• Creating Personal Presence: Look, Talk, Think, and Act Like a Leader
    • What MORE Can I Say? Why Communication Fails and What to Do About It
    • Communicate With Confidence: How to Say It Right, the First Time and Every Time
    • Speak With Confidence: Powerful Presentations That Inspire, Inform, and Persuade
  • Communicate Like A Leader: Connecting Strategically to Coach, Inspire, and Get Things Done

National media such as Good Morning America, USATodayThe Wall Street JournalInvestor’s Business Daily, Bloomberg, Forbes.com, FOX, CNN, NPR, Success, FastCompany.com, and Entrepreneur have interviewed her for opinions on critical workplace communication issues.

Keynotes, consulting, and training clients include IBM, Exxon Mobil, JP Morgan Chase, Lockheed Martin, Raytheon, BP, Chevron, Conoco-Phillips, PepsiCo, Novartis, Honeywell, Merrill Lynch, Department of the Navy, and NASA, just to name a few.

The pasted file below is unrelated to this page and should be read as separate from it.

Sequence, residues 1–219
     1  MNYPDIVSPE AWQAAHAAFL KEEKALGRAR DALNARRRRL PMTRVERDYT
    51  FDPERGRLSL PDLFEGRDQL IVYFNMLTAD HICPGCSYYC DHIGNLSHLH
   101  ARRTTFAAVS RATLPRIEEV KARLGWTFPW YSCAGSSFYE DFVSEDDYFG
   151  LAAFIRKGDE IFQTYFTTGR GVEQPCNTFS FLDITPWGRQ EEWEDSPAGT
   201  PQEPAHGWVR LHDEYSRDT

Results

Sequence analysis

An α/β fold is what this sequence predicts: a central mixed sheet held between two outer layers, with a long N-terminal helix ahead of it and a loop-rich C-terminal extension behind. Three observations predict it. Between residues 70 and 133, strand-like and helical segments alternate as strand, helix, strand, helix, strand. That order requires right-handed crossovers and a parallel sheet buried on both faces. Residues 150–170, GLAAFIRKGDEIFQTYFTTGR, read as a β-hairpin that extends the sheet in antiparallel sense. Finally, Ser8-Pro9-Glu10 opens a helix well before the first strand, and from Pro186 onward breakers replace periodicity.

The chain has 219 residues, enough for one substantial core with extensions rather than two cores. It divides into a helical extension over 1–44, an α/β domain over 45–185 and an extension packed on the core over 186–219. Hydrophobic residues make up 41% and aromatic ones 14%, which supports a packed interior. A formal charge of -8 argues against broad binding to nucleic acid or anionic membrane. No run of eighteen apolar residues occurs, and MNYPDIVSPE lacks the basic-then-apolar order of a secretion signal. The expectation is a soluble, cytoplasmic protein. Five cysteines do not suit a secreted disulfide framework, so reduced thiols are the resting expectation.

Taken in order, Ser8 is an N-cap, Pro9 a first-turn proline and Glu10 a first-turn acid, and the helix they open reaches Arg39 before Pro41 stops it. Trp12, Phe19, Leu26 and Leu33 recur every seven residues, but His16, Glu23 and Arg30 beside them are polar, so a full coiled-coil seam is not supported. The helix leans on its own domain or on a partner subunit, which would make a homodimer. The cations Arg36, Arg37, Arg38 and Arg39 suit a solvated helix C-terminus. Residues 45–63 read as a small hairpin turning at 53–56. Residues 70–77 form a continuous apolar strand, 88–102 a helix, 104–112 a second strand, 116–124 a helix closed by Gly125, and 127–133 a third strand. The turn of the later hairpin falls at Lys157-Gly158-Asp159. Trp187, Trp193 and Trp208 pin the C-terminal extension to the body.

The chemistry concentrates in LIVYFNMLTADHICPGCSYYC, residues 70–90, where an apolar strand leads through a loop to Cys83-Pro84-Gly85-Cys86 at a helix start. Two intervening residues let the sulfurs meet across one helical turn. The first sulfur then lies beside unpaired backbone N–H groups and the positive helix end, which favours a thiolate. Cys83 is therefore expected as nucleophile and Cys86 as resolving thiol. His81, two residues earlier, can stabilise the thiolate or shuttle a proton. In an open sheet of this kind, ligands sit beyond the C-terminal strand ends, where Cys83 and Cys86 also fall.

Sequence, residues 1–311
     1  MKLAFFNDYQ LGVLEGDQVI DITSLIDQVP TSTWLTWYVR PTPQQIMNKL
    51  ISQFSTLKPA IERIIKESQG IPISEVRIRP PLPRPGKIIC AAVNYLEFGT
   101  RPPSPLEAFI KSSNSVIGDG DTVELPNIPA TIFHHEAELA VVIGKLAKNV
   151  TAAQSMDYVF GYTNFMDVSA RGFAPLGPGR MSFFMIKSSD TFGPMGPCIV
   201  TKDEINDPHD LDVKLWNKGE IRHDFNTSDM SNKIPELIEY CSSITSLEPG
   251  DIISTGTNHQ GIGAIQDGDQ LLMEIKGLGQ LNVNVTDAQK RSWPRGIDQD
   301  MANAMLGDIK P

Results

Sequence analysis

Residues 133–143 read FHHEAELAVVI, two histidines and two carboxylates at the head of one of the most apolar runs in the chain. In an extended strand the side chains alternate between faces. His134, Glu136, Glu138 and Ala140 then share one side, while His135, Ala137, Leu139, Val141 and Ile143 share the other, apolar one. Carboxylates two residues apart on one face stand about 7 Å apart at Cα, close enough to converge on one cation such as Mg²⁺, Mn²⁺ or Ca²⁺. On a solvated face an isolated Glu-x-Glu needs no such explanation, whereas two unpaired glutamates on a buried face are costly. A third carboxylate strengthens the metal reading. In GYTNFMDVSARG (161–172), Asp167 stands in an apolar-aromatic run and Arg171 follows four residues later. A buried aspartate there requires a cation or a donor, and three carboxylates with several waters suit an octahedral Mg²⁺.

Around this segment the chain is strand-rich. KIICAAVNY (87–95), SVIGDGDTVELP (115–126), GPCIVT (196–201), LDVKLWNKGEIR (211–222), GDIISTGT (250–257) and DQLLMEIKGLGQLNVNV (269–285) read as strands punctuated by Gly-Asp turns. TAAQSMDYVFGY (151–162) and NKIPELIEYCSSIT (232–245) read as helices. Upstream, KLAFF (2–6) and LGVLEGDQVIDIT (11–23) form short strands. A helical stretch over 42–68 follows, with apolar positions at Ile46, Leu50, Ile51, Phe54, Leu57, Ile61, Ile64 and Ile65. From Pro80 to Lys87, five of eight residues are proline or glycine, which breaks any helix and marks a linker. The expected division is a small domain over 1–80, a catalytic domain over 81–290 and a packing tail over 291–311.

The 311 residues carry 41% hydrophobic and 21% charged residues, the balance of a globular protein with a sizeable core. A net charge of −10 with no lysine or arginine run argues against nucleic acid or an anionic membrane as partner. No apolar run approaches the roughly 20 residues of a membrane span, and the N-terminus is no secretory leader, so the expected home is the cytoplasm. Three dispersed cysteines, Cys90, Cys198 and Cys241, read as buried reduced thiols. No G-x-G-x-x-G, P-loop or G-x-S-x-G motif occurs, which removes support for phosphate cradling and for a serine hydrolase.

She has been inducted into the Speakers Hall of Fame by the National Speakers Association. Success Magazine has named her to its list of “21 Top Speakers for the 21st Century.” She also appears at #54 on the Richtopia “Top 200 Most Influential Authors in the World” list (2017).

Show Highlights:

A leader improves the situation beyond what it was when they took over. @diannabooher

A Leader improves the status quo. @diannabooher

People micromanage because of fear and misunderstanding. @diannabooher

Micromanaging is a sign that a leader hasn’t developed the necessary strategic perspective. @diannabooher

Leaders need to think strategically about the long-term effect of their actions. @diannabooher